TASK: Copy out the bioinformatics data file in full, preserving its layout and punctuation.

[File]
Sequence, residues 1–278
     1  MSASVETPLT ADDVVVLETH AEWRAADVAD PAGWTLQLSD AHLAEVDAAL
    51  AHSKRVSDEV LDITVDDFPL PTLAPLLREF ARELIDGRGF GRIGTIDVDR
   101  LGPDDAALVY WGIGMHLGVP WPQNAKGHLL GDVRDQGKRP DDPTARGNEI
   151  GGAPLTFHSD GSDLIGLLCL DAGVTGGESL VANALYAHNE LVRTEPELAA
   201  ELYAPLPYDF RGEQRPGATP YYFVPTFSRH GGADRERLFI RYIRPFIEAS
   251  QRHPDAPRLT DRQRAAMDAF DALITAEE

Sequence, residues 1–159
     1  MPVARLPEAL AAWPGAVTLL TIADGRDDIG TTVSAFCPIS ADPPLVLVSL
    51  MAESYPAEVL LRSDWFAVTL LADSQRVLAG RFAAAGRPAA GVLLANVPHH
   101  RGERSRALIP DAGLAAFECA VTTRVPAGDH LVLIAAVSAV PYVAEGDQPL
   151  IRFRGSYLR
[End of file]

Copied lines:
Sequence, residues 1–278
     1  MSASVETPLT ADDVVVLETH AEWRAADVAD PAGWTLQLSD AHLAEVDAAL
    51  AHSKRVSDEV LDITVDDFPL PTLAPLLREF ARELIDGRGF GRIGTIDVDR
   101  LGPDDAALVY WGIGMHLGVP WPQNAKGHLL GDVRDQGKRP DDPTARGNEI
   151  GGAPLTFHSD GSDLIGLLCL DAGVTGGESL VANALYAHNE LVRTEPELAA
   201  ELYAPLPYDF RGEQRPGATP YYFVPTFSRH GGADRERLFI RYIRPFIEAS
   251  QRHPDAPRLT DRQRAAMDAF DALITAEE

Sequence, residues 1–159
     1  MPVARLPEAL AAWPGAVTLL TIADGRDDIG TTVSAFCPIS ADPPLVLVSL
    51  MAESYPAEVL LRSDWFAVTL LADSQRVLAG RFAAAGRPAA GVLLANVPHH
   101  RGERSRALIP DAGLAAFECA VTTRVPAGDH LVLIAAVSAV PYVAEGDQPL
   151  IRFRGSYLR